Air and Liquid Systems Corp. v. DeVries

Summarized by:

  • Court: U.S. Supreme Court Certiorari Granted
  • Area(s) of Law: Admiralty
  • Date Filed: May 14, 2018
  • Case #: 17-1104
  • Judge(s)/Court Below: 873 F.3d 232 (3d Cir. 2017)
  • Full Text Opinion

Whether products-liability defendants can be held liable under maritime law for injuries caused by products that they did not make, sell, or distribute.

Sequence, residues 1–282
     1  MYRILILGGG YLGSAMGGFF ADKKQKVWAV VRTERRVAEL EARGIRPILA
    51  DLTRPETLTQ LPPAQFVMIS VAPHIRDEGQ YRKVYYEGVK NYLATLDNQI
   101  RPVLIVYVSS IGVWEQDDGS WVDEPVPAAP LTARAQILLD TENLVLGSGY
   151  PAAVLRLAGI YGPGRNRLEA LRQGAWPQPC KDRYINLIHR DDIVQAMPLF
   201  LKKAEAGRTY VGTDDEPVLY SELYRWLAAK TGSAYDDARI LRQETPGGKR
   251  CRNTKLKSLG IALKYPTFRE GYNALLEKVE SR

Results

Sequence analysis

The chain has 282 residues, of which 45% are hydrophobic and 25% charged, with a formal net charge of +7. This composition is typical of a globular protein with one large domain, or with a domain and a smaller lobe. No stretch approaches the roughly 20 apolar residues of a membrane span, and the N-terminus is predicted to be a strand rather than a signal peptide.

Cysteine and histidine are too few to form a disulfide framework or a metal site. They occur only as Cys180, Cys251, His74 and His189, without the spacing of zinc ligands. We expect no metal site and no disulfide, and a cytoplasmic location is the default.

This matter involves two similar cases that have been consolidated by the Third Circuit Court of Appeals after two appeals by each of the Respondents. Respondents sued Petitioners for asbestos exposure occurring when Respondents were working on ships while serving in the Navy. Petitioners were not responsible for making or supplying the parts alleged to be the source of the asbestos exposures. Rather, asbestos itself or asbestos-containing components were added to the parts by a third party. Petitioners were granted summary judgment by the district court originally and again after remand. After Respondents’ second appeal, the Third Circuit reversed, adopting a test relying on foreseeability. Petitioners argue in their brief to the Supreme Court that under the “bare-metal rule,” they are not liable for asbestos related injuries caused by third parties. Petitioners argue that the Third Circuit decision causes a circuit split disrupting uniformity, which is a fabric of maritime law. Furthermore, Petitioners reason that because maritime law does not recognize products-liability theories under which defendants can be liable for injuries caused by third party products, the Third Circuit had no basis for adopting a foreseeability test in products-liability matters. Petitioner contends that the consequences of such a ruling will burden the maritime industry and obstruct predictability.

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